Lessons From Lunch
A few years ago we developed a problem in our office. We developed a habit of eating out at a Chinese restaurant weekly. We would each order egg drop soup, a bento box of Pon Pon Chicken, and an egg roll. This ritual became so ridiculous that we started to measure our business performance, not in terms of dollars, but how many bento boxes. It was then that I had an epiphany. What is the potential financial impact of changing this small practice?
To the Bank or to the Belly?
Let's say you go out to lunch every week and spend $11.54 each meal. If you did this every week, you would pay $600 a year for eating out. Following this practice over 30 years, you would have spent about $18,000 on eating out. $18,000! That's a lot of money spent on Pon Pon Chicken. While many people would love to have an extra $18,000 in their pocket, it's not likely going to get you through retirement unless you have some other significant things going for you. Or you plan on a meager costing lifestyle.
Inflation and Indigestion
Now let's complicate this monetary munchie example. It's time to throw inflation into the mix. Ok, you have been putting $11.54 into the bank or under your mattress for 30 years. What is the purchasing power of this money? Let's assume the inflation rate is 3%. At this inflation rate, the $18,000 we have saved would have the purchasing power of $7,416.59 compared to its purchasing power today. Ouch!
Contemplating Compound Interest
What could happen in this scenario if we had decided to invest the money? If you invested $11.54 weekly and averaged an annual rate of return of 8%, that money would have grown to about $73,000 over those 30 years. $73,000 is a much better scenario than $18,000, but how will inflation affect us? That $73,000 would have the purchasing power of $30,075.03 in 30 years with a 3% inflation rate. $30,075 in purchasing power will still not produce a robust retirement, but it's a much better scenario than $7,416 in purchasing power.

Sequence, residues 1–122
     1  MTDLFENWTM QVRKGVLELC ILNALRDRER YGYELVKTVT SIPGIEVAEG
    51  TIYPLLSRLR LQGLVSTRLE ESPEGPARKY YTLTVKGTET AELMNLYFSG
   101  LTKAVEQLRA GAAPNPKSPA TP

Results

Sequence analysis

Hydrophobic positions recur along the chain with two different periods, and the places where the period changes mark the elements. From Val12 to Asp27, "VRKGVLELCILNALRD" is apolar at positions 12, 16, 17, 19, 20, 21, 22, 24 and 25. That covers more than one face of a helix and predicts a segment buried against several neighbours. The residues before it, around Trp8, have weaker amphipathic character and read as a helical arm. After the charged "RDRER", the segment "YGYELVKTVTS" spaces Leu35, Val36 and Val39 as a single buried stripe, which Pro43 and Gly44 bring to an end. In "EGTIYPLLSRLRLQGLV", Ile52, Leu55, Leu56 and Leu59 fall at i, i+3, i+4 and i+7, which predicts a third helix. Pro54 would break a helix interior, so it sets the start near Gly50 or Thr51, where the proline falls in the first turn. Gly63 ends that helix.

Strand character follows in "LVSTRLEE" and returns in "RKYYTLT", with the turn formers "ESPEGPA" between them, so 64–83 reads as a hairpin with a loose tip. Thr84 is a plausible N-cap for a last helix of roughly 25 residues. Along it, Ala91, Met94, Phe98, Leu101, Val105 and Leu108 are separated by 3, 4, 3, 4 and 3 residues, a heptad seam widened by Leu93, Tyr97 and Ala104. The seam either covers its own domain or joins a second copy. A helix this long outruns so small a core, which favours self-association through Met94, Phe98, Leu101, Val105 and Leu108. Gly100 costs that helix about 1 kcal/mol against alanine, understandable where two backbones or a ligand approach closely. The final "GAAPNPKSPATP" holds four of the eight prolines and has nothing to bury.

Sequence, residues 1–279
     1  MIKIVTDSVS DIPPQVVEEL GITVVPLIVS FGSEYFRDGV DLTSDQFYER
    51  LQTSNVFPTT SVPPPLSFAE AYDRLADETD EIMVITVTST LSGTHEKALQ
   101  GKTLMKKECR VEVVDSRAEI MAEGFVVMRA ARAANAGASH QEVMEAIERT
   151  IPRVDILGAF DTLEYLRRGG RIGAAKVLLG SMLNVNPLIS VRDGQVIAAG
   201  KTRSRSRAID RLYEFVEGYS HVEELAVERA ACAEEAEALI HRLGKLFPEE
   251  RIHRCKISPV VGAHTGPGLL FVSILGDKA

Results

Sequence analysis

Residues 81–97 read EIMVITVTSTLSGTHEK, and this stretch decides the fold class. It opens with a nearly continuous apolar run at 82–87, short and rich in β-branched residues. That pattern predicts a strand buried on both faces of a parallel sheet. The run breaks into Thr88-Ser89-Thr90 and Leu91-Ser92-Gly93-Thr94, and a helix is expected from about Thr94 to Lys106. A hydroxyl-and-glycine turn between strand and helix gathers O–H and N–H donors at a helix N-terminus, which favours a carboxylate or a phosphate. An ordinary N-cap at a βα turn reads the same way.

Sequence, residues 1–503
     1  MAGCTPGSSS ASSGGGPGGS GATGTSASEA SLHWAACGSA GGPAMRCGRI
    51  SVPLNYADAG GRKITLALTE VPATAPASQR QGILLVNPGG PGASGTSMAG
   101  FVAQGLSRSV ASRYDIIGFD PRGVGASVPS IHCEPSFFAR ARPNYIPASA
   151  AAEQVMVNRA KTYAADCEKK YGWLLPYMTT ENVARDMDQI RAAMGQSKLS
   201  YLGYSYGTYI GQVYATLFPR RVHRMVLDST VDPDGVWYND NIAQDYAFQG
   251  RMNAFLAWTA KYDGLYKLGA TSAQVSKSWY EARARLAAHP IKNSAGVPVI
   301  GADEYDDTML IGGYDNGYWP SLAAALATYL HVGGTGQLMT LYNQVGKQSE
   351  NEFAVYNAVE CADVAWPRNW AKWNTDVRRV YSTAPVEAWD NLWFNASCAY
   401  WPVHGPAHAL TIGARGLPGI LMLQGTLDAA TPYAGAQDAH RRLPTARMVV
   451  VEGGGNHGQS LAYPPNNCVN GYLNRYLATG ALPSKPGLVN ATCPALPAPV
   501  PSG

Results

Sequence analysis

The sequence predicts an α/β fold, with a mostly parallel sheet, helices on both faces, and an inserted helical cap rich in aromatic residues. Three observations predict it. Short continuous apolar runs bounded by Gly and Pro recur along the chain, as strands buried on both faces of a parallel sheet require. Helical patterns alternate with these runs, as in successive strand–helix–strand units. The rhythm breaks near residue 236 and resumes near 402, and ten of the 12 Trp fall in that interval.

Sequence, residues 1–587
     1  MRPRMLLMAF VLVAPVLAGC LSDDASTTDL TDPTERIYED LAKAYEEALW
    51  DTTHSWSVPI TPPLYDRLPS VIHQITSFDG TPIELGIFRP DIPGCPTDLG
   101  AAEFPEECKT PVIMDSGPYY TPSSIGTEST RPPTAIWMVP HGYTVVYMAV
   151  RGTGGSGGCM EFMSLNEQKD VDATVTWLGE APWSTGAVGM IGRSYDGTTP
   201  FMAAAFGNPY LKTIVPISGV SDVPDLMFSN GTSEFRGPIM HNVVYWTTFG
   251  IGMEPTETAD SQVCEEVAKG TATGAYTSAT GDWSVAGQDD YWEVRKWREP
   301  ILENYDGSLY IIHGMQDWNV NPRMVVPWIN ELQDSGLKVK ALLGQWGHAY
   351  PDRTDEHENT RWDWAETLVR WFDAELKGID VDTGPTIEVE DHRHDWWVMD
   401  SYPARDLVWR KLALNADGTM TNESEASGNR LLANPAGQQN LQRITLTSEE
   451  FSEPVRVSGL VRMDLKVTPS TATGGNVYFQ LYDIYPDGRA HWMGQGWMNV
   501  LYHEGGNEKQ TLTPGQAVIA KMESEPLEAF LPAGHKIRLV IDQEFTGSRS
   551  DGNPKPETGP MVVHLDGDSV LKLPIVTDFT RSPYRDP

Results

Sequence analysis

How much income could this hypothetical savings produce? Let's assume we want 95% confidence in having this money last for 30 years. Investing in a portfolio of 50% US equities, 30% US Bonds, and 20% cash, under these assumptions, this $73,000 portfolio could hypothetically produce $4,500 a year or $375/month in income without adjusting for inflation. With a 3% inflation rate, that would be equivalent to $1,854 in today's terms. That is $154.50/ month at the start of a 30-year retirement.*
The Bottom Line
By no means am I suggesting $11.50/ month will get you to retirement; this is far from the case. But hopefully, this example helps you see how small changes in your spending habits can affect your financial plans. There are many factors we left out, such as taxes, recessions, etc. Life is a little more complicated than assuming steady factors the way we have done. Real-life is different outside of a petri dish. I hope this helps motivate you to make those small changes to your habits. If you want a second opinion on your retirement plans, we would love to assist.
*For illustrative purposes only, not indicative of any specific investment product. Results will vary.